Deep Breathing

Deep, controlled breathing is one of the easiest ways to regulate and combat issues like anxiety, panic or stress. It is not only easy but very effective, natural and beneficial.

Deep breathing is an always accessible tool that you can reach in any situation to help you regain emotional control and balance. 

When we become anxious for any reason (a thought, a sudden event, an intrusive memory) our body enters automatically into a ‘flight or fight’ mode, also called hyper-arousal.  This is an adaptive mechanism that helps us to response effectively to a perceived threat.

During this state our body produces natural stress hormones and other chemicals to prepare us for fighting the attack or fleeing. By taking deep breaths, our heart rate slows, more oxygen enters our blood stream and ultimately communicates with the brain to relax. 

Deep breathing triggers the release of endorphins, the “feel good” chemical. Endorphins are involved in our natural reward circuits and are important to reduce pain and enhance pleasure.

Other benefits of deep breathing are: Stimulating the lymphatic system, helping our body to carry and absorb nutrients more efficiently, improving our stamina, improving digestion and lowering blood pressure, among others.

Although we constantly breath to keep ourselves alive, doing it effectively needs a bit of learning as our bodies sometimes have a tendency to breath unnaturally (shallow breath, or breathing with our mouth).

These are some tips to help you deep breath and increase your feelings of wellbeing. This can be incorporated in your daily routine and once learned will always be a powerful ally to tackle sudden episodes of stress or panic.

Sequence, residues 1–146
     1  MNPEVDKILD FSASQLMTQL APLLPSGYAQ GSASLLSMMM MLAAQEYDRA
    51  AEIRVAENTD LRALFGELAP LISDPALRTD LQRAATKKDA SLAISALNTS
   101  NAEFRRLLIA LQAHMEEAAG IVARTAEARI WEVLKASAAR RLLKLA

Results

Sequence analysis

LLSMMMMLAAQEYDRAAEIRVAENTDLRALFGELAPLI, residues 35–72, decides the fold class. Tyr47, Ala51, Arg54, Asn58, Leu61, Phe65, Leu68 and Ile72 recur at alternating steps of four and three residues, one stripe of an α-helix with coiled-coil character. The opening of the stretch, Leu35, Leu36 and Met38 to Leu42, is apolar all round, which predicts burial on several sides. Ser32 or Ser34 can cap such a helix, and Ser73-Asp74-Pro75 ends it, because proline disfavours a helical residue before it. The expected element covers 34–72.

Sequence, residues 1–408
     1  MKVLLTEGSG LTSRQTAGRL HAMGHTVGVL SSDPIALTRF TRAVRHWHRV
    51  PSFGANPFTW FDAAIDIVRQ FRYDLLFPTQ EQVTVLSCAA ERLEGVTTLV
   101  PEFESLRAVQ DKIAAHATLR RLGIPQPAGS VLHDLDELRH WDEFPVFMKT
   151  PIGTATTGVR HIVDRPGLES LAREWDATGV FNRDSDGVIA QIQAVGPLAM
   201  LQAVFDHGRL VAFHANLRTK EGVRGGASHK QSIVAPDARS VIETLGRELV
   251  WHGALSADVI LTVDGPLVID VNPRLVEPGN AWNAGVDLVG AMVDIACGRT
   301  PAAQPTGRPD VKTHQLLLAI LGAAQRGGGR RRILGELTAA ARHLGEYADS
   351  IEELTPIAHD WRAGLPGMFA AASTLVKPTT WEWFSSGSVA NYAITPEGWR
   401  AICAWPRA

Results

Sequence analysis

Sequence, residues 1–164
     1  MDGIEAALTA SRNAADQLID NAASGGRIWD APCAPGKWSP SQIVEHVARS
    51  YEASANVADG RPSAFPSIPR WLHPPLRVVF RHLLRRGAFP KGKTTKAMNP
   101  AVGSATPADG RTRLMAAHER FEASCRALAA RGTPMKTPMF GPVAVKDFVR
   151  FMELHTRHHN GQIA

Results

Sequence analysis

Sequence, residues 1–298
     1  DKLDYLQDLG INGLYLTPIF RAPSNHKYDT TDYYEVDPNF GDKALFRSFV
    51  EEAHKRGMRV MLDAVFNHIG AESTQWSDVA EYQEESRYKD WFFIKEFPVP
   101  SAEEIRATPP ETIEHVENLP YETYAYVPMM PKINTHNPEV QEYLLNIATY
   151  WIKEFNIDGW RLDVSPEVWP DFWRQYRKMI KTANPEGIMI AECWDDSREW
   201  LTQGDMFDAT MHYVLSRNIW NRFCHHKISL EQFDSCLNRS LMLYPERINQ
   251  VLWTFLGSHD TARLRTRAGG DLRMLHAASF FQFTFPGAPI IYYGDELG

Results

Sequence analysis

There are many sources and tutorials available on the web, so you always can choose the one that works best for you.

The NHS  recommends this breathing exercise for stress, anxiety and panic attacks. It takes a few minutes and can be done anywhere.



You will get the most benefit of this exercise if you do it regularly, as part of your daily routine.

You can do it standing up, sitting in a chair that supports your back, or lying on a bed or yoga mat on the floor.

Make yourself as comfortable as you can. If you can, loosen any clothes that restrict your breathing.

If you’re lying down, place your arms a little bit away from your sides, with the palms up. Let your legs be straight, or bend your knees so your feet are flat on the floor.

If you’re sitting, place your arms on the chair arms.

If you’re sitting or standing, place both feet flat on the ground. Whatever position you’re in, place your feet roughly hip-width apart.

• Let your breath flow as deep down into your belly as is comfortable, without forcing it.

• Try breathing in through your nose and out through your mouth.

• Breathe in gently and regularly. Some people find it helpful to count steadily from 1 to 5. You may not be able to reach 5 at first.

• Then, without pausing or holding your breath, let it flow out gently, counting from 1 to 5 again, if you find this helpful.

• Keep doing this for 3 to 5 minutes.

Another version of the exercise, if you have more control of your space, is lying on a bed or floor and putting a hand on your chest and the other on your stomach

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